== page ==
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A Few FPV Questions

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1. I've noticed when using the FPV with the HUD that sometimes the smaller inner circle (don't know what that is called) which you are supposed to center inside the FPV symbol, does not appear. Why is that, is there something I need to do so the inner circle appears? Does it depend on a MCP mode?

 

2. The FCTM says:

"Note: When on final approach, the FPV does not indicate airplane glide path relative to the runway. ILS or GLS glide slope, VASI/PAPI or other means must be used for a proper glide path indication".

This surprised me because I had thought the FPV would serve as a type of Flight Director when using the HUD since there is no other FD type guidance on the HUD during an approach (or if there is I don't know how to activate it). So the FPV is not used during approaches by RW 737NG pilots?

 

3. How is the FPV typically used by RW pilots?

 

Thx,

Al

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Not a RW pilot;

 

But the FPV can also be used during raw data or NPA. Once you are established on the approach, just place the FPV 3° below the horizon to maintain a 3° FPA.

 

FLIGHT PATH VECTOR (FPV)

 

The FPV symbol represents airplane flight path angle vertically and drift angle laterally. The FPV is displayed on the PFD when the EFIS control panel FPV switch is selected on.

 

The FPV shows the Flight Path Angle (FPA) above or below the horizon line and drift angle left or right of pitch scale’s center. The FPA uses inertial and barometric altitude inputs. The vertical FPA is unreliable with unreliable primary altitude displays.

 

The FPV symbol is displayed in two brightness levels. The FPV symbol is displayed dim when either the Flight Directors (FD) or a TCAS RA is displayed. The FPV symbol is displayed bright when FD’s are off and there is no TCAS RA.

 

The vertical axis shows FPA relative to the horizon. The lateral axis shows the drift angle relative to the center of the pitch scale on the ADI. The amount of drift cannot be determined from the display.

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I had thought the FPV would serve as a type of Flight Director when using the HUD

 

Too bad you didn't reference your quote... a page number would be helpful in understanding your question. Anyway..., Ch 10 Sec 42 beginning on pg 10.42.1 has every symbol used in the HGS described. The flight path symbol that you are referring to as a FPV is not analogous to the airplane marker or steering bars/single cue you see in a flight director.  It is analogous to the circle that appears on the PFD when you turn on the FPV.  Displays the actual flight path vector of the aircraft.  The small inner circle is called the flight director cue, it is in fact the flight director much like the single cue in the PFD.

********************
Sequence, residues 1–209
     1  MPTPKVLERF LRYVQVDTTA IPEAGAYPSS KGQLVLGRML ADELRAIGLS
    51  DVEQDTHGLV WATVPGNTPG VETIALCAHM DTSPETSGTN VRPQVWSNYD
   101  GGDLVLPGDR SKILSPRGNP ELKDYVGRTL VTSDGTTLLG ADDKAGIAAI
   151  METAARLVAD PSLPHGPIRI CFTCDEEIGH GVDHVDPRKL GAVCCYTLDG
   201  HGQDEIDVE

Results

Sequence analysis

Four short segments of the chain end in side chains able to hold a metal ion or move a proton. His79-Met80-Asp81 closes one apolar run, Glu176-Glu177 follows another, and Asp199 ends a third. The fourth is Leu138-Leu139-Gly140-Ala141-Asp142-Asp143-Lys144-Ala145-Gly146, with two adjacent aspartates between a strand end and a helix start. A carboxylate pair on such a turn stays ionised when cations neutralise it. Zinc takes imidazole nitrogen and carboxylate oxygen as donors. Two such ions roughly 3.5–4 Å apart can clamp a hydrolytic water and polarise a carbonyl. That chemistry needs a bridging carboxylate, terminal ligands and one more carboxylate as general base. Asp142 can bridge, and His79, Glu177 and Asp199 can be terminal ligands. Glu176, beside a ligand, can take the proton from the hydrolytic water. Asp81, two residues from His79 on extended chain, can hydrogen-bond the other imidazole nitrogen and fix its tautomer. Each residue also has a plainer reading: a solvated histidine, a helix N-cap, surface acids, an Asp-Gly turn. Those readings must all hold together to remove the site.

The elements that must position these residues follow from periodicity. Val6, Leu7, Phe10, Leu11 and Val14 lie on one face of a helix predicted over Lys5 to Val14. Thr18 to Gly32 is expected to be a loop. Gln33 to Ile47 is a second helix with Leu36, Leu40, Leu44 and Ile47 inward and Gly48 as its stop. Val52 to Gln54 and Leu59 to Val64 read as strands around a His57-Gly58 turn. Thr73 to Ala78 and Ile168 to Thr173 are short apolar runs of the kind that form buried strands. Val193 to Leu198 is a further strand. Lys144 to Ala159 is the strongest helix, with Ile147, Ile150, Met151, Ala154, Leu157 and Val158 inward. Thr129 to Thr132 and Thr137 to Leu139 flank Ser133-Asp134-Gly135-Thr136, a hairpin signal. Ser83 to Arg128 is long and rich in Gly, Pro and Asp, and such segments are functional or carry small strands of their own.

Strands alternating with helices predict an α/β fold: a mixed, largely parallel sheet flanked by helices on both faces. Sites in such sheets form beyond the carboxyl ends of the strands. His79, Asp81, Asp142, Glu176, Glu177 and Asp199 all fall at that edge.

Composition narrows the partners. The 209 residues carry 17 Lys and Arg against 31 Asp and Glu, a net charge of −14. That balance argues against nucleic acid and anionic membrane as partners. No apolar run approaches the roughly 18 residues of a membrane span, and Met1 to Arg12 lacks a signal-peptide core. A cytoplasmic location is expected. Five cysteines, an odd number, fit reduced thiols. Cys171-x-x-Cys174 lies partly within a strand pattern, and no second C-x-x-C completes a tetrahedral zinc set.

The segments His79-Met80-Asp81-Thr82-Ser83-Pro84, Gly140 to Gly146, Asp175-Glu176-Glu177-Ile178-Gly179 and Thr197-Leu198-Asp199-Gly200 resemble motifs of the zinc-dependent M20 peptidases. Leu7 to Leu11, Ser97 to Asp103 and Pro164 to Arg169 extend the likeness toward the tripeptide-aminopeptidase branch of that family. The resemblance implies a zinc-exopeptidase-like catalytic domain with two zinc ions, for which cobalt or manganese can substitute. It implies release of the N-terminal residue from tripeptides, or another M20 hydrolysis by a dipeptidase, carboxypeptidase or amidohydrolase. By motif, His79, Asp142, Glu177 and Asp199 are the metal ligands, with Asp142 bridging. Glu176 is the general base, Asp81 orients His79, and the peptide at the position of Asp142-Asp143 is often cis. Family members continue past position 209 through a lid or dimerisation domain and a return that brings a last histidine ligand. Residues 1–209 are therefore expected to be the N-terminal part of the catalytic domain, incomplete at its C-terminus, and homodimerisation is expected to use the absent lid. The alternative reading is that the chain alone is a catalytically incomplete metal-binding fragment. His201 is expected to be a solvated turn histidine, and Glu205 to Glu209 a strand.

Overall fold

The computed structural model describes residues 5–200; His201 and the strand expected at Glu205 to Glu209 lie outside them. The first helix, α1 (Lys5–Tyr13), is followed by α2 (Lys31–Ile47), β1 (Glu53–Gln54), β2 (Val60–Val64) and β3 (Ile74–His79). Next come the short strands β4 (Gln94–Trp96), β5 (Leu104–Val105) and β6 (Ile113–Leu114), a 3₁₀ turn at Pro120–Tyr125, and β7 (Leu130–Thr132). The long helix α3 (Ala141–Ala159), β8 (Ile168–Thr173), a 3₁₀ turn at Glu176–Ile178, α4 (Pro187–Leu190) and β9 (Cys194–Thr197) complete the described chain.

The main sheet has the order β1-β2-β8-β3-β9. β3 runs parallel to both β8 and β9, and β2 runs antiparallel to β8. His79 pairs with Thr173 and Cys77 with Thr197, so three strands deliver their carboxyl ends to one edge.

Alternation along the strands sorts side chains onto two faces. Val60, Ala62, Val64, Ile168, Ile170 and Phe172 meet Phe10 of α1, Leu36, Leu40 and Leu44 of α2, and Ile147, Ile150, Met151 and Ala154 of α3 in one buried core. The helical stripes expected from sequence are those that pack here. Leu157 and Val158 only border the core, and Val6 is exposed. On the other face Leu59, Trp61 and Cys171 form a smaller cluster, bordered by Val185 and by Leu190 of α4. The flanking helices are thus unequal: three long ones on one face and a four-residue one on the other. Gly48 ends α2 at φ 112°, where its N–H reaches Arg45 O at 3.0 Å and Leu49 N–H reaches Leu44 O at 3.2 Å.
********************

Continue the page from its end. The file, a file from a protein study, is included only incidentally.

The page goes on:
The problem for beginning HGS users is to chase the cue with the flight path symbol.... you'll end up overshooting pitch and roll.  You have to look at the whole picture and include the actual aircraft pitch and roll in your focus.

 

Most of all, it takes both knowledge of what the symbols mean (use the FCOM) and practice.  Once you are used to it you end up missing the HGS in aircraft not equipped.

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To cover (3), in the RW the FPV is largely based on personal preference. Many have it on all the time - I generally have it turned off for takeoff, as the vertical climb path is largely inconsequential - in the takeoff we're flying an attitude to give us our desired performance for configuration and thrust, whether the aircraft is climbing on a 10 degree or a 12 degree path is not really important, and if we need to meet a tight altitude constraint, the VSD is the best tool to let you know how you're performing. I'll turn it on in the case of any engine problems - it's further confirmation one-inop that we're maintaining a positive climb.

 

Where the FPV is very useful is during raw data approaches, or visual maneuvers without FD guidance. Unlike light aircraft, in a jet it's very hard to accurately fly a profile based on the picture out the windshield. For instance, on a level downwind in the circuit/pattern, we might be at flap 5, 6 degrees nose up at 60% N1. In this case we use the FPV to assist us in flying level (by sitting it on the horizon). Once it's time to descend on a 3 degree path, regardless of attitude, thrust or configuration, sitting the FPV at -3 degrees will show us we're flying a 3 degree slope.